By RYAN COLLINGWOOD
Coeur d’Alene Press
Cornered by a Kootenai County Sheriff’s deputy Thursday, Steven Denson, the man wanted on suspicion of killing his ex-fiance in a Coeur d’Alene hospital parking lot, was at the end of his rope.
Denson’s white Nissan Pathfinder was pursued by a sheriff’s deputy to the end of North Bruss Road in Hauser. A minute after the deputy positioned his patrol car to prevent Denson’s escape, the sound of a muffled gunshot came from inside the suspect’s vehicle.
The 61-year-old apparently put a gun to his head and pulled the trigger, ending his own life similarly to the way he was accused of taking Kelly Pease’s. The 37-year-old nursing student’s body was found in a car Wednesday at Kootenai Health. Pease was a former resident of Lincoln County and familiar to people in both Troy and Libby.
A neighbor of Denson was distraught Friday as he discussed the murder of Pease.
This situation should have never materialized, said David Hopkins, a man who lived on the same Hayden property Denson did.
Hopkins, a former jail employee who is now retired, said he believes Denson should have never been given the chance to post bail after violating a protection order with Pease in early February.
“These sorts of things should have no bond,” Hopkins said. “He should have never been out of jail. When I heard Kelly had been shot, it just floored me. The system needs to do a better job of protecting women in this type of situation.”
On Jan. 23, Denson was accused of violently assaulting Pease, a mother of five. He was charged with felony strangulation as well as domestic battery, petit theft and malicous injury to property for the incident.
Denson was issued a no-contact order before posting the $10,000 bond set by a judge. Prosecutors suggested $50,000, according to court transcripts.
On Feb. 4 Denson violated the no-contact order — a misdemeanor offense — by texting Pease with his landlord’s cellphone. When Hopkins noticed this, he contacted the police, who arrested Denson for the violation. Denson soon posted $2,500 and was released.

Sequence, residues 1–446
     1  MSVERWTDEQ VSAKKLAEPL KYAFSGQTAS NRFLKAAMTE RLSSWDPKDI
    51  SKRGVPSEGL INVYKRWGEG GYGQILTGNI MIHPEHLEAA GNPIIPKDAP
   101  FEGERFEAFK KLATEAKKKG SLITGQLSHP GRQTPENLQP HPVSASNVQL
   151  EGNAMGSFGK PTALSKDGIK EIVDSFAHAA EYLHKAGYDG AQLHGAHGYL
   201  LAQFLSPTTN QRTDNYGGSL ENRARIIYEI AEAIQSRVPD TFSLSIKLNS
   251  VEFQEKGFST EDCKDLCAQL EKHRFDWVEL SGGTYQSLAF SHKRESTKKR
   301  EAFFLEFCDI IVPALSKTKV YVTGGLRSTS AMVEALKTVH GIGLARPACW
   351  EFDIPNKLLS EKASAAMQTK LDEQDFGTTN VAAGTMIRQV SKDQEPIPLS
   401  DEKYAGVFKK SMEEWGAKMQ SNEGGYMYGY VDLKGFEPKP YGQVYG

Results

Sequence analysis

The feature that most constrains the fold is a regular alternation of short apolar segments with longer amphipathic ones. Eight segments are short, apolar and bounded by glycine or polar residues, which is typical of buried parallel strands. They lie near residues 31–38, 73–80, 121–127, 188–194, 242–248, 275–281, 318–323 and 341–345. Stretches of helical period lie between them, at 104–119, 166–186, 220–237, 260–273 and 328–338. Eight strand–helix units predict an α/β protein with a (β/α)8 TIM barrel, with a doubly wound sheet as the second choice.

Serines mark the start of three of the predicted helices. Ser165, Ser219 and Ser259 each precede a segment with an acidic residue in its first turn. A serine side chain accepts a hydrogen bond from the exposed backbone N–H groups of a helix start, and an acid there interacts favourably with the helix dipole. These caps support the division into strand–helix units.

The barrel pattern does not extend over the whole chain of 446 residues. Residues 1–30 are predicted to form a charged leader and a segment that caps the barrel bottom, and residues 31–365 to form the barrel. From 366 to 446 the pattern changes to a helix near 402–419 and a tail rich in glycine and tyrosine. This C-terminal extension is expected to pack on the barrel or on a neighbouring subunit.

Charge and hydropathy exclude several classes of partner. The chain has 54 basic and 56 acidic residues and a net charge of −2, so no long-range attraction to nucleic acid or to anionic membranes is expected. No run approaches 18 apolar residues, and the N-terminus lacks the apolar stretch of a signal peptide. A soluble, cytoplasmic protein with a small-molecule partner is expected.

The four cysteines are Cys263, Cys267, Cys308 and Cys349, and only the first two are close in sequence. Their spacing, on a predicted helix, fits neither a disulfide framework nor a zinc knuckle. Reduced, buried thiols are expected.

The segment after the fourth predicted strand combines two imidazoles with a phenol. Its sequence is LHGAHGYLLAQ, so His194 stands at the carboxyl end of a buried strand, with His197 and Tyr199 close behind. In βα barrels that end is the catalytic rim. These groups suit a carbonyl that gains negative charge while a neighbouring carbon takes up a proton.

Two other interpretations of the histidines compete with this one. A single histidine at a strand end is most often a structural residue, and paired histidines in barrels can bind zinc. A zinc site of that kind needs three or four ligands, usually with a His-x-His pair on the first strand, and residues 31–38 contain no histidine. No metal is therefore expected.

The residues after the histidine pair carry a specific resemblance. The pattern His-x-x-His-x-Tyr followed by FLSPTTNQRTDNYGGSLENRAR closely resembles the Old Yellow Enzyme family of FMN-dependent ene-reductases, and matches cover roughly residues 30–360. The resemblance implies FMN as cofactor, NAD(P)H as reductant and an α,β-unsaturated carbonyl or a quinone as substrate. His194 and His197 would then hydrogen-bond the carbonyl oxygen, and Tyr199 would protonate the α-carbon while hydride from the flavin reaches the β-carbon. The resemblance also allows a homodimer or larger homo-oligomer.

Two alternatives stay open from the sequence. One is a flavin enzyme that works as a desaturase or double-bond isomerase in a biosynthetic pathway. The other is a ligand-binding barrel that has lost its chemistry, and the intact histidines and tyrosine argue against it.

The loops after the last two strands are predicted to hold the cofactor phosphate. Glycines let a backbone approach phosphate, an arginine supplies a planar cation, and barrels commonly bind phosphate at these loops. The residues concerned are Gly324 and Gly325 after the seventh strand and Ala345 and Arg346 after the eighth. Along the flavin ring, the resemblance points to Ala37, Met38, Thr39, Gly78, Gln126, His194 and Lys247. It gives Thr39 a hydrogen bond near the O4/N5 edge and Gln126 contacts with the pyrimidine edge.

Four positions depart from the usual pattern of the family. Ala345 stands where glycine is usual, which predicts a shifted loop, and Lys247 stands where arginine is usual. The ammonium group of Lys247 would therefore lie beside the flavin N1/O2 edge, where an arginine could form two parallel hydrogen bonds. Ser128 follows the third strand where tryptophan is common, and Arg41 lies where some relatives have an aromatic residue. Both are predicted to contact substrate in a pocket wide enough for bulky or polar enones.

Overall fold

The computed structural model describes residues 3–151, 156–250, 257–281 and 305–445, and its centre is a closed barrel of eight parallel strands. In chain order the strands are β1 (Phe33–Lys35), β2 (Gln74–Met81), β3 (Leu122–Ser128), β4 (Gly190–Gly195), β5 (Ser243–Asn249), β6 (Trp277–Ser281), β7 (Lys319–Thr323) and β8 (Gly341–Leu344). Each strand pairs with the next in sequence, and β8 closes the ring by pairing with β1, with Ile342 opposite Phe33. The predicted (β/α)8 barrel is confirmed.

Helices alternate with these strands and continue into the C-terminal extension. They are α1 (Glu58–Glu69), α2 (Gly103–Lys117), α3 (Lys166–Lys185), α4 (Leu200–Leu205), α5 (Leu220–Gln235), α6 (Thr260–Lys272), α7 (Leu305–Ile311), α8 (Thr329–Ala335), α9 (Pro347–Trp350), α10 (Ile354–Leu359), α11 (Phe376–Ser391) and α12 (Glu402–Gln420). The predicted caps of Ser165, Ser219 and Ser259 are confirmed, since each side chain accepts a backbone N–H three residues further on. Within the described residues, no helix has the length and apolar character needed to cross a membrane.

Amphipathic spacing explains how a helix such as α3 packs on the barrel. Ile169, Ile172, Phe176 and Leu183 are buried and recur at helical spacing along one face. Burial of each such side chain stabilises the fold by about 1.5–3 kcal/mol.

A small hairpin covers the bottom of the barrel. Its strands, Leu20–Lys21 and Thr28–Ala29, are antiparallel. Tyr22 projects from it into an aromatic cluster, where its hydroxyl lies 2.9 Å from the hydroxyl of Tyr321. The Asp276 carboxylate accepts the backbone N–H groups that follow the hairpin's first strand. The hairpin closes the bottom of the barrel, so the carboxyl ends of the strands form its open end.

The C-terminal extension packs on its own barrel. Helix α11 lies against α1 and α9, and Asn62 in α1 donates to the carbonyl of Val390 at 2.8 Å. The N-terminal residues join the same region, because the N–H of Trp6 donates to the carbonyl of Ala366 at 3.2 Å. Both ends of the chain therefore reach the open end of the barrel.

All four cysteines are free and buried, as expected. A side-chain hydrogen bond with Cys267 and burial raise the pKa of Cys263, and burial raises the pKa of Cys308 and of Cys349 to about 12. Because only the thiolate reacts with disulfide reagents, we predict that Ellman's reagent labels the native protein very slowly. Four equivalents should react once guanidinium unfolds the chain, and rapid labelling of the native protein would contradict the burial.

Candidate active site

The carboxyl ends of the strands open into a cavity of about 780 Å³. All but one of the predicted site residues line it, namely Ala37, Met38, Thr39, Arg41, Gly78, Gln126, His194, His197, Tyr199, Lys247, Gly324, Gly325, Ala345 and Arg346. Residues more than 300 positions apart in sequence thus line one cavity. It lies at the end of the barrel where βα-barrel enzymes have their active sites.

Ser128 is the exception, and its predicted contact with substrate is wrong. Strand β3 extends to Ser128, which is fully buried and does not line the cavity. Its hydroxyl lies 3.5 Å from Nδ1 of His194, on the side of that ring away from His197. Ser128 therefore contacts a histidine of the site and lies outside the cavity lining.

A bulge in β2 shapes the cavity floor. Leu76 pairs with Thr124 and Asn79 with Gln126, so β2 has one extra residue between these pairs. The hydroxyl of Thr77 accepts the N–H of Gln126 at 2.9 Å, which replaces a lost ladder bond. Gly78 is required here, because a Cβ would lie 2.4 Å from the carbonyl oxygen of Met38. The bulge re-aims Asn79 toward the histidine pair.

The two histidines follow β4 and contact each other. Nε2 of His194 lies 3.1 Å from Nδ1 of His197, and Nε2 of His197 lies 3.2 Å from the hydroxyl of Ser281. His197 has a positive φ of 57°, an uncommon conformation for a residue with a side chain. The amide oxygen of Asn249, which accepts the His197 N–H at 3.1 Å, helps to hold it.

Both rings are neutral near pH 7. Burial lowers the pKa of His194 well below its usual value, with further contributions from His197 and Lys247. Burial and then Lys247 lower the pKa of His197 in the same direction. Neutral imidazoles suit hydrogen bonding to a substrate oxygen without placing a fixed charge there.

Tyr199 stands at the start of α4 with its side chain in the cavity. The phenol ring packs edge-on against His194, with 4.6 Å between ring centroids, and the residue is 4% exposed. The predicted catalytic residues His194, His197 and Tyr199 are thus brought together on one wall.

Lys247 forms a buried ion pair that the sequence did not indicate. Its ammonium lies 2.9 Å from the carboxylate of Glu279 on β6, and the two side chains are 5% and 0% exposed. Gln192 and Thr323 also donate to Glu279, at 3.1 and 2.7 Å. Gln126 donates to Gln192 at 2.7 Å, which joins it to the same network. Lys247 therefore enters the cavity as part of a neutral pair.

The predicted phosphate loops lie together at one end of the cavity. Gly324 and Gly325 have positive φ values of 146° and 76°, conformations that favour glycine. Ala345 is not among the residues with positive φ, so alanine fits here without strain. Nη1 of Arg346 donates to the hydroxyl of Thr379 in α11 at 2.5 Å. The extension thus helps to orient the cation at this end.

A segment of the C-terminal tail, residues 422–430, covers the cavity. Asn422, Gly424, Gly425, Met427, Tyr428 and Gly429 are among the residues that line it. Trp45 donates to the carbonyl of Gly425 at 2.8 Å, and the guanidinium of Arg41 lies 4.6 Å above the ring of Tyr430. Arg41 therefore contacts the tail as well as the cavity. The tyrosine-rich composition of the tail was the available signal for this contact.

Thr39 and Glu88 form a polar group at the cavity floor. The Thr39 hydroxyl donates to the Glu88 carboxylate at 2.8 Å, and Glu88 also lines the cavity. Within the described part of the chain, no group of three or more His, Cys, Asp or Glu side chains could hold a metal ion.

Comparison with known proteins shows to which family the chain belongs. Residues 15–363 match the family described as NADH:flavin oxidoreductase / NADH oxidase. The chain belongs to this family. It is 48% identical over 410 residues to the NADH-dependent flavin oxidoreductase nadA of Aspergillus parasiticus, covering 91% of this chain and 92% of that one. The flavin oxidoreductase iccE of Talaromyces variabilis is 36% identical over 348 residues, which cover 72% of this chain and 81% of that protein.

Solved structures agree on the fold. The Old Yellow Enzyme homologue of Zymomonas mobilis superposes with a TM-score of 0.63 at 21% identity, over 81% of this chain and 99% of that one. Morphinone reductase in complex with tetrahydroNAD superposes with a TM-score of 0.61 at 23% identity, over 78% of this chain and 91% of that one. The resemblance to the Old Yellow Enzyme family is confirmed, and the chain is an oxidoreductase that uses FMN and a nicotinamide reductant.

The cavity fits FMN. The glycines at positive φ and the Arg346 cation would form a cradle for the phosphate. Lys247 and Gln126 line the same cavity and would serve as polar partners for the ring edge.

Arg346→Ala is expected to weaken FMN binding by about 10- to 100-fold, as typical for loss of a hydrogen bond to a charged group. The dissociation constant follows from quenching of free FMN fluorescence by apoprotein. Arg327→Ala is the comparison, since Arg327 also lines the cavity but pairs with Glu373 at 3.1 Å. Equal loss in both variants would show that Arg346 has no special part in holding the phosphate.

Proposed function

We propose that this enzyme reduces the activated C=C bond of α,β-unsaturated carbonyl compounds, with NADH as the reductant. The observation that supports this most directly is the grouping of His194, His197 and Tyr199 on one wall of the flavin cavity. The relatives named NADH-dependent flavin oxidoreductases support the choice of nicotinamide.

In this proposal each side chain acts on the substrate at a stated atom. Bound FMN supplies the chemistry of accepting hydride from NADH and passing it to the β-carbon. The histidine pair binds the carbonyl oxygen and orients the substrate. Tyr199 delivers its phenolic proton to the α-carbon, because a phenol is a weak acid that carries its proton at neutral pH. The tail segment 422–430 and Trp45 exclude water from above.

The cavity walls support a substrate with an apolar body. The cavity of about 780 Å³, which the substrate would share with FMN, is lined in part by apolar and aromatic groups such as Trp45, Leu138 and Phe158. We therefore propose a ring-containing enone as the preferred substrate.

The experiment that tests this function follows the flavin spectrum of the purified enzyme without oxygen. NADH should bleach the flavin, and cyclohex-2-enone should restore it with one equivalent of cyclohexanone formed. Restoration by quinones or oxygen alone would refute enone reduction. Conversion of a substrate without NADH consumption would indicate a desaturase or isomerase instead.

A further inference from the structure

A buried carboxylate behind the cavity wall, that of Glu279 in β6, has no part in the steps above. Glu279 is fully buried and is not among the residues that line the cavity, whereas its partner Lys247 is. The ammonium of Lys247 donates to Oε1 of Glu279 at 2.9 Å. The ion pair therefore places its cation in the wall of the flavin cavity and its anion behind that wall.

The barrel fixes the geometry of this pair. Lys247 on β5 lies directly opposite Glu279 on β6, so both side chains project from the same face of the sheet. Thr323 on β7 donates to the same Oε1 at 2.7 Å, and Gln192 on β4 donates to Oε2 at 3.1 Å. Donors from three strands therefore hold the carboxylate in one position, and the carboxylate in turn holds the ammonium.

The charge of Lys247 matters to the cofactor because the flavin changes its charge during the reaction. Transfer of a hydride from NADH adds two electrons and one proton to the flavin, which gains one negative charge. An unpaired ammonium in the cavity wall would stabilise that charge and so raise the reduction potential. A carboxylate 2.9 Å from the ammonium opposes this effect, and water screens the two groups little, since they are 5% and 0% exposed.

That was enough for the landlord to kick Denson off the property, Hopkins said. Denson had a small trailer powered by an extension cord plugged into a nearby house.
Hopkins said he typically avoided Denson, a man he described as troubled, mean-spirited and often mean to the animals on the property.
“He was rough with his horse and neglected it,” Hopkins said. “He once threatened to kill my dog. When his dog was sick, he took it out back and shot it.”
Hopkins plans to draft a letter to Idaho lawmakers to put more stringent penalties on those accused of domestic abuse.
“Law enforcement needs to have teeth when confronting these kinds of charges. I know they’re shaking their heads over this whole thing,” Hopkins said. “The system needs to change. I blame legislation and the courts for this issue.”
Kootenai County Prosecuting Attorney Barry McHugh is also saddened by the tragedy, “It’s disheartening and frustrating. I wish there was a better way to protect victims of domestic violence,” McHugh said. “But it’s a complicated problem, too. There are occasions when the victims want to reconcile and make themselves available for communication and contact (with the accused abuser).”
McHugh said prosecutors and judges look at each case on its own merit and take domestic violence situations very seriously.
But is the bail set too low?
“If we feel someone should be held, we drive up the bail,” McHugh said. “But once someone is out of custody, it’s hard to keep them from violating no-contact orders and re-offending.”
Katie Coker, director of Safe Passage, a nonprofit that provides services to domestic violence victims, has seen what happens when an accused abuser re-offends.
“Domestic violence-related charges and the bonds set for offenders are sometimes lower than we would expect based on the perpetrators’ actions. There are times when offenders may be able to post bail by paying a small percentage of the total bond amount,” Coker said.
“There can be a large degree of disparity between different judges and how high bail is set and that may be due to different levels of understanding of domestic violence related offenses. Sometimes the chances of lethality occurring are underestimated. All that being said, judges have an incredibly difficult job, they don’t always have all the relevant information, and they ultimately have to make tough decisions in the moment. It is always important to evaluate our responses and improve where we can, yet still remember it is the offender who is responsible for these crimes.”